"It just has to be so easy to use that the adoption curve goes [straight up]. People vote with clicks." So observed Toby Redshaw, CTO of Motorola, in a panel discussion this week in Boston as reported by eWEEK.
Redshaw has a well-earned reputation for speaking in simple words about what makes a successful enterprise software strategy, including unsparing analysis of the dance between software buyers and sellers. At last month’s Software 2007 conference in Santa Clara, I heard Redshaw answer a question about on-premise software vendors being slow to move to on-demand models: he metaphorically replied, "You don’t get out of the heroin business when you have a bunch of addicts."
Oddly enough, when I went looking for other colorful Redshawisms, I ran into a humdinger from 2004: "Redshaw said buyers focus too much on frivolous software features as
the basis for their buying decisions and not enough on contract terms.
But that’s changing, he said. Big companies are becoming ‘unstupid.’" That comment appeared in a story that also mentioned an SAP exec’s statement that subscription-based software models were still "more hype than reality": it would seem that companies have spent the past three years becoming even more unstupid, and SAP executives have acknowledged that 2004 would have been a good time to be getting a lot more serious — a lot more quickly — about pursuing on-demand options.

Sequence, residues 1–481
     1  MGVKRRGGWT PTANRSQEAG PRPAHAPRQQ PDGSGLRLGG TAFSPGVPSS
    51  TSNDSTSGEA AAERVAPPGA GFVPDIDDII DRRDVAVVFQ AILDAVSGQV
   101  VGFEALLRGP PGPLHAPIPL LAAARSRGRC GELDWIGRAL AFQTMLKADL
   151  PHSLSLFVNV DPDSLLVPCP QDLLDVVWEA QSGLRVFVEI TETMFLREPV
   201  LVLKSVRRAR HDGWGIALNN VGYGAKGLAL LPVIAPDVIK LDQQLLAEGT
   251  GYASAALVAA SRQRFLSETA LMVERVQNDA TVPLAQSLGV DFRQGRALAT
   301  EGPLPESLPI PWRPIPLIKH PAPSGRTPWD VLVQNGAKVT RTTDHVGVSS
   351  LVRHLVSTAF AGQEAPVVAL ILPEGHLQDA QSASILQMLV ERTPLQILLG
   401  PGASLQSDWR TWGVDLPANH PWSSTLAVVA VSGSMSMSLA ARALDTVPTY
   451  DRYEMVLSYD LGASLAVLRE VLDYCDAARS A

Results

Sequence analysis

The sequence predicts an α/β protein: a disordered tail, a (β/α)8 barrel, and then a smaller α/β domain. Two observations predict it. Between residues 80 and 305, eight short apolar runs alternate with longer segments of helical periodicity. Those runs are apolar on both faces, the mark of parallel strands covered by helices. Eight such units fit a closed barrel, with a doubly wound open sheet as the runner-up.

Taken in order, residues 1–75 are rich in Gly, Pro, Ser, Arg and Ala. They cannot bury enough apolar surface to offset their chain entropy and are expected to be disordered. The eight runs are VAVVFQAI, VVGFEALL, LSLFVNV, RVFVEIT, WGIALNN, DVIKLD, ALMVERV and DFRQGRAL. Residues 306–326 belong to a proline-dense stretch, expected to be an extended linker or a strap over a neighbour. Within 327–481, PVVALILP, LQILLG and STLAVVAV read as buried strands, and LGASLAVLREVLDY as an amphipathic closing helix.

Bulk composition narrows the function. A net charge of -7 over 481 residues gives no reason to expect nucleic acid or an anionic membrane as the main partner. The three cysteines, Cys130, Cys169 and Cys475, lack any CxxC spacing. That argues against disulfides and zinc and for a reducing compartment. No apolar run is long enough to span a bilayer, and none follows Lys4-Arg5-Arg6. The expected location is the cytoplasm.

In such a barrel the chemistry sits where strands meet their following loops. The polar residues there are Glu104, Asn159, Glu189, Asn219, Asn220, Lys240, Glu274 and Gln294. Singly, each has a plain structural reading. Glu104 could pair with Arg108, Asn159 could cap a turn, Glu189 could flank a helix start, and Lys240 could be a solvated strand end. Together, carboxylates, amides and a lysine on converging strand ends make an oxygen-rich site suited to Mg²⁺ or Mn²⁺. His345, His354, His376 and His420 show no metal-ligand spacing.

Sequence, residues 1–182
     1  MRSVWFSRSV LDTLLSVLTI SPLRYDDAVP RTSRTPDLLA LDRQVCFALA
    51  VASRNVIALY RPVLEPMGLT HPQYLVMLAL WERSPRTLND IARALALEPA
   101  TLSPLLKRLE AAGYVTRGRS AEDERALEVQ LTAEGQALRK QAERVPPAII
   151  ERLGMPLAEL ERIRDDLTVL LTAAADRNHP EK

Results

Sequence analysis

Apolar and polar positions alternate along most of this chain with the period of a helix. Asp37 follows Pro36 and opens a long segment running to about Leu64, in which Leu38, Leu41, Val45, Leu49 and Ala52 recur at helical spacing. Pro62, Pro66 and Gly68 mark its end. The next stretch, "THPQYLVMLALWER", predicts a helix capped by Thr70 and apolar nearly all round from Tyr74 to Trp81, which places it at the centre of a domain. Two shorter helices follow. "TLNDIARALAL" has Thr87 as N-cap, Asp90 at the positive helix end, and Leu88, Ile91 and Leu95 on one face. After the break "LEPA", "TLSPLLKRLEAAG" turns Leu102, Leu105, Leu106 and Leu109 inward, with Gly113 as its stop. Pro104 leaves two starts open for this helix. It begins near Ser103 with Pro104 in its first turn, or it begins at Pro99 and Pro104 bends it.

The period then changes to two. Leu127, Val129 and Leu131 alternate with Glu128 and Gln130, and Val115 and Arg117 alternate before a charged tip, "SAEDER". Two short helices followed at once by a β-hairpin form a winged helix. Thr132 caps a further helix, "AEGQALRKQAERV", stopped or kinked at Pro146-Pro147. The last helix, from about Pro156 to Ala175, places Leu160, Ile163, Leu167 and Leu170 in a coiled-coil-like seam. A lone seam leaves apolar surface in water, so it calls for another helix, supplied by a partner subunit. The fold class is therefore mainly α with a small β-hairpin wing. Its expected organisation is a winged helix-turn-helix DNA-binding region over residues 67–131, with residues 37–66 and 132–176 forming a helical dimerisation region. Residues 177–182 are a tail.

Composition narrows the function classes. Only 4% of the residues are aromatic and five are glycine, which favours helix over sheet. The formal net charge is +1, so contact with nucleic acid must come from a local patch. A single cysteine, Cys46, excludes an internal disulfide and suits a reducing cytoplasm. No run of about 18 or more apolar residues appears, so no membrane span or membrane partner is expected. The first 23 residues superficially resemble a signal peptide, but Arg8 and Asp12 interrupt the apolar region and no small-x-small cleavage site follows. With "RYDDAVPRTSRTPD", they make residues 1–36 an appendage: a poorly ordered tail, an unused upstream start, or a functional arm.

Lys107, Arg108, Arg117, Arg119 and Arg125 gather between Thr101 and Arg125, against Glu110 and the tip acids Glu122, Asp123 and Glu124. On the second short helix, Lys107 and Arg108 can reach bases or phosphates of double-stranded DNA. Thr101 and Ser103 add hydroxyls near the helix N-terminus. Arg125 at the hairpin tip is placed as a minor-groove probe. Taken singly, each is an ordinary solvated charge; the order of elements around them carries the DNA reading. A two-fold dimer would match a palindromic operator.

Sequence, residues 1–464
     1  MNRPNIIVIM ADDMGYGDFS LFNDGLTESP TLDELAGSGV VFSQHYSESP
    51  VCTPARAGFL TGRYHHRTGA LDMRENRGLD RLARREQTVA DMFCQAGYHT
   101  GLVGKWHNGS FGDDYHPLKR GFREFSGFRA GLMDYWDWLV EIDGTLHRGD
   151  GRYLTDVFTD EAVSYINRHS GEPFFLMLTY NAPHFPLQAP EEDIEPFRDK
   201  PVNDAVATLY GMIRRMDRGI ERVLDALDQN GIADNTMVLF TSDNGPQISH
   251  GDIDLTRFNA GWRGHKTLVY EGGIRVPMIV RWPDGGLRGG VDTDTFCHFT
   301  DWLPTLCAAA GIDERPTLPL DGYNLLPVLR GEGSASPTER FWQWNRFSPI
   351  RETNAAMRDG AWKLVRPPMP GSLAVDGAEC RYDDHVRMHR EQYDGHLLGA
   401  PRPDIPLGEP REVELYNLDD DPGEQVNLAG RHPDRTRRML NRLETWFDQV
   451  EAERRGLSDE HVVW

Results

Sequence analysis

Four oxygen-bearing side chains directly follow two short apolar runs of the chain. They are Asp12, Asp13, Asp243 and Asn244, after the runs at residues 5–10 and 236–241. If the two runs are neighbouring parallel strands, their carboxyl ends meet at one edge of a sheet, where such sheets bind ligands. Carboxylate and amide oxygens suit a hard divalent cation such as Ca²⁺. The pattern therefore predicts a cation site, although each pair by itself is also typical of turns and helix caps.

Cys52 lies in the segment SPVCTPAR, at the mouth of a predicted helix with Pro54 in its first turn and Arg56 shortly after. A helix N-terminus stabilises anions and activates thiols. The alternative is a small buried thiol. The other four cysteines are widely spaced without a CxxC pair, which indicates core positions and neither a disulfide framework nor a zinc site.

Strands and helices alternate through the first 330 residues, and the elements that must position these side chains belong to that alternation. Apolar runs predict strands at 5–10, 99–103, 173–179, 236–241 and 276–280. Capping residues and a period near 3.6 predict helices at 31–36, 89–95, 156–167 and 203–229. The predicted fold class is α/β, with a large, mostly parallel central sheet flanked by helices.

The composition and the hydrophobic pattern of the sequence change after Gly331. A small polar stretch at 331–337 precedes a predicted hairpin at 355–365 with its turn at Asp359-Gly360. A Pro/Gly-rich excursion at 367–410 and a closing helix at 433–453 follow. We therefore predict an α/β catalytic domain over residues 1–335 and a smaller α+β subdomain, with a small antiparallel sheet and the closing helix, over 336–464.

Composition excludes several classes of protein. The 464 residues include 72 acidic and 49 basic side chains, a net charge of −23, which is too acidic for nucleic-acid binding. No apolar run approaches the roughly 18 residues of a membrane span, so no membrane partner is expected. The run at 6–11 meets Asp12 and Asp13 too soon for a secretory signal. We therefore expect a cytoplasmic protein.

But let me get back to Redshaw’s comment this week about ease of use, adoption rates, and the evident uptake of Web 2.0-type tools among users without regard to their age. "We didn’t have to train anybody; we didn’t have to explain it," he said — but he noted that (in eWEEK’s paraphrase of his words) "the higher up in the company’s hierarchy, the less social networking technologies get used." That can’t be good.
I wonder if most enterprise software choices are made by people who don’t themselves use that software. For example, U.S. Secretary of Defense Robert Gates said this week that "I don’t do email. I’m a very low-tech person." That can’t be good for the DoD — and if anything like that is happening in your organization, that can’t be good for you.
The user-driven adoption of Web user interface conventions, and the multi-generation demand for the convenience and capability of on-demand tools, are real. It’s worth some effort to identify any cultural factors that might be keeping a developer’s clients from enjoying the benefits to be had.